Thus, gatherings of Anglican leaders have become highly politicised events. What were once opportunities for prayer, reflection and an opportunity to meet, have become international gatherings reported by media and surrounded by lobbyists. Third world bishops are given mobile phones so conservatives can keep track of them, even if they are sequestered in private, and leaders such as Peter Akinola, the primate of Nigeria, slip out for regular consultations. In the February 2007 primates’ meeting in Tanzania, such furtive meetings could not be hidden and the archbishop, inconspicuous in full tribal costume, could regularly be seen to be making his way to an upper room to take advice from the conservative lobbyists gathered there. One senior Anglican engaged in the primates’ talks said that it was noticeable how much firmer and less willing to compromise the archbishop always was on his return. Two of those he was consulting: Martyn Minns, evangelical, British-born rector of one of the breakaway churches in Virginia, and David Anderson of the American Anglican Council, have become bishops in the African church. When the rest of the world’s archbishops gathered in Zanzibar for Sunday eucharist in the cathedral, built on the old slave market, to commemorate the 200th anniversary of the abolition of the British slave trade, Akinola and his contacts stayed away.
Such an insurgency could not have been achieved without money and there is some evidence that the American conservative factions and, through them, the Africans, have been supported financially by wealthy American conservatives, who have also supported other campaigns against what they see as the wicked forces of liberalism. The amount of international travel the conservative lobbyists and their primatial contacts are able to undertake is quite considerable: Akinola seems to pop up almost as regularly in America as Abuja. British conservative organisations, such as Anglican Mainstream receive American money and the Rev. Anderson of the AAC was formerly the vicar of Howard Ahmanson, the Californian Real Estate heir, and his wife Roberta, who have funded a number of fundamentalist causes and organised courses for conservatives.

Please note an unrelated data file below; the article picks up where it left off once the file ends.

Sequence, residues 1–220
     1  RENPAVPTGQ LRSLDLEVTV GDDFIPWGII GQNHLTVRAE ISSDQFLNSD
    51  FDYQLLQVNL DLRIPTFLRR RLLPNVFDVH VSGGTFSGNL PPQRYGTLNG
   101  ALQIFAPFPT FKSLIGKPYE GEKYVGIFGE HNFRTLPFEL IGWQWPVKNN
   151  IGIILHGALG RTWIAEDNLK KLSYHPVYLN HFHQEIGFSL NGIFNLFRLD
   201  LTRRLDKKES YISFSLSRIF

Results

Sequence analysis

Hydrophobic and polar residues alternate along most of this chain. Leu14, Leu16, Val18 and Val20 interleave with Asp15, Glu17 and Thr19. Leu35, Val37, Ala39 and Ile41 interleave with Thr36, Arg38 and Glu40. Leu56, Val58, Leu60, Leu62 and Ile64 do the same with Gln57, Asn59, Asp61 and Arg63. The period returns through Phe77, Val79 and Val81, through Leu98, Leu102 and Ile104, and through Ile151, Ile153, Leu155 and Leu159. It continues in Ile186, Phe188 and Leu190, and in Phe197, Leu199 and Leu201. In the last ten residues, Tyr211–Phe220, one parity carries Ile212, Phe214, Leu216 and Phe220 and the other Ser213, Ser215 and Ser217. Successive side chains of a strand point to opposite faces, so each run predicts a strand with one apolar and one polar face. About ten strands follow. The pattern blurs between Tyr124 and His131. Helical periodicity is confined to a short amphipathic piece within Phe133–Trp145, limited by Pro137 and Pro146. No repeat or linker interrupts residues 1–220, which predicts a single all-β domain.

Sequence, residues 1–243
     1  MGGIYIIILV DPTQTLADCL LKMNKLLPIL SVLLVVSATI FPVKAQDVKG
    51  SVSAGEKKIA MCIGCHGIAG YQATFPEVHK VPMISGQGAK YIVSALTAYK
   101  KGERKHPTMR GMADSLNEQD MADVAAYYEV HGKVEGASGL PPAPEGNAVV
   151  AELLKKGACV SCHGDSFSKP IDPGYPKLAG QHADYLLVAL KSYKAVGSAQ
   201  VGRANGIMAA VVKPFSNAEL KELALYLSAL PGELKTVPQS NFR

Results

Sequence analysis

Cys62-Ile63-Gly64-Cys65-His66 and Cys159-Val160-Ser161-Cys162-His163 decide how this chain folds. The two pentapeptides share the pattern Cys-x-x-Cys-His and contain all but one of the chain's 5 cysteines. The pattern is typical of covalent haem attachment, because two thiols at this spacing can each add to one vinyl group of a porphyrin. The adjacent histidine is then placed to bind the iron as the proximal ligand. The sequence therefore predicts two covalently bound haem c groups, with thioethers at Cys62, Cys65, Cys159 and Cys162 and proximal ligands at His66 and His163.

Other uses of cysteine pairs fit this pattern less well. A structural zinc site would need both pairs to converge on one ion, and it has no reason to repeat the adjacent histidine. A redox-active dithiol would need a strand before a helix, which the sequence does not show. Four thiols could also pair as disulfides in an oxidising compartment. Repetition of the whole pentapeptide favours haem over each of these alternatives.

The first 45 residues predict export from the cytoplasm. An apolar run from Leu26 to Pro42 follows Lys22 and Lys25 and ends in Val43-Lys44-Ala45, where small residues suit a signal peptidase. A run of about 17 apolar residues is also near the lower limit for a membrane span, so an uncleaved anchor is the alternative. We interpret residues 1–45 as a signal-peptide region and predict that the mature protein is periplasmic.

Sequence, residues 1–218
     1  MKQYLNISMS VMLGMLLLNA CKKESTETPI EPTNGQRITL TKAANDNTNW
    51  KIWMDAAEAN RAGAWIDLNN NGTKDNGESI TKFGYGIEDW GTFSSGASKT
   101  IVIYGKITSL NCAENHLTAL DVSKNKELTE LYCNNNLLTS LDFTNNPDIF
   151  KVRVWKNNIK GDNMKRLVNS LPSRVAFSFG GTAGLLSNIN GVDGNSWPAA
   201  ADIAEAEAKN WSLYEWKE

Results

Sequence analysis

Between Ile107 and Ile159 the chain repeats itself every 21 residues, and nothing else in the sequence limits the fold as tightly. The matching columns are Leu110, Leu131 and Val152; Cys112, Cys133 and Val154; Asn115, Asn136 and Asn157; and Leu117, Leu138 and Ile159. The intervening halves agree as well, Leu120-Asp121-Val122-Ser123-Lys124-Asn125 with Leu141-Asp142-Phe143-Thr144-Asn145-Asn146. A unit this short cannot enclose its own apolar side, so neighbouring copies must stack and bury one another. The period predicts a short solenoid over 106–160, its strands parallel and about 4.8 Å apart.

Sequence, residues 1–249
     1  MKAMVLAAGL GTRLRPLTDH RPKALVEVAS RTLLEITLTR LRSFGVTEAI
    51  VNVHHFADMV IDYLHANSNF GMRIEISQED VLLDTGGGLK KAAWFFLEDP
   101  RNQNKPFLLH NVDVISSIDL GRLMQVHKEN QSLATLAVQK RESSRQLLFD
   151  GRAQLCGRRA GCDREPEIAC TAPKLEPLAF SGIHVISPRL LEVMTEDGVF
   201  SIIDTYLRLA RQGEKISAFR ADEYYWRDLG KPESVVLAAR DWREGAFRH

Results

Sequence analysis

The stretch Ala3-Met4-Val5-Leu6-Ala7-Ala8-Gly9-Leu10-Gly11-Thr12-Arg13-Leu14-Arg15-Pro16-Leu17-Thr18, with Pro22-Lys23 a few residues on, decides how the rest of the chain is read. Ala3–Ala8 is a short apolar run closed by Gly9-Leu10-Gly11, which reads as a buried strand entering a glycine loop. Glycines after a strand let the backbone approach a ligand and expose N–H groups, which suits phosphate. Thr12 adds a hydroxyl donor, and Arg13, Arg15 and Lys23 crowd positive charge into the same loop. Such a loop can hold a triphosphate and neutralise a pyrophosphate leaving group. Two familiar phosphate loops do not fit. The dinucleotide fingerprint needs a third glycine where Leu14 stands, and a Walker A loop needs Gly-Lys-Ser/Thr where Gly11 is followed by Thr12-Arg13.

Now is the hour, they believe. If the opportunity is missed it may never come again. They see a conjunction of a cause and an opportunity and they believe they have an Archbishop of Canterbury in Rowan Williams who can be subverted or bypassed – “he’ll do as we tell him,” as one African primate was overheard telling his colleagues at a meeting in Dromantine in 2005. In England, the majority of congregations has not yet woken up to the push to create a very different church to the one they are used to. In America, there are signs that the Episcopal Church leadership is tiring both of the insurgents and of the worldwide communion. Whatever emerges in the coming year, it is unlikely that Anglicanism will ever be the same again. The bonds of affection are broken, the curtain is torn, can some form of divorce be indefinitely postponed?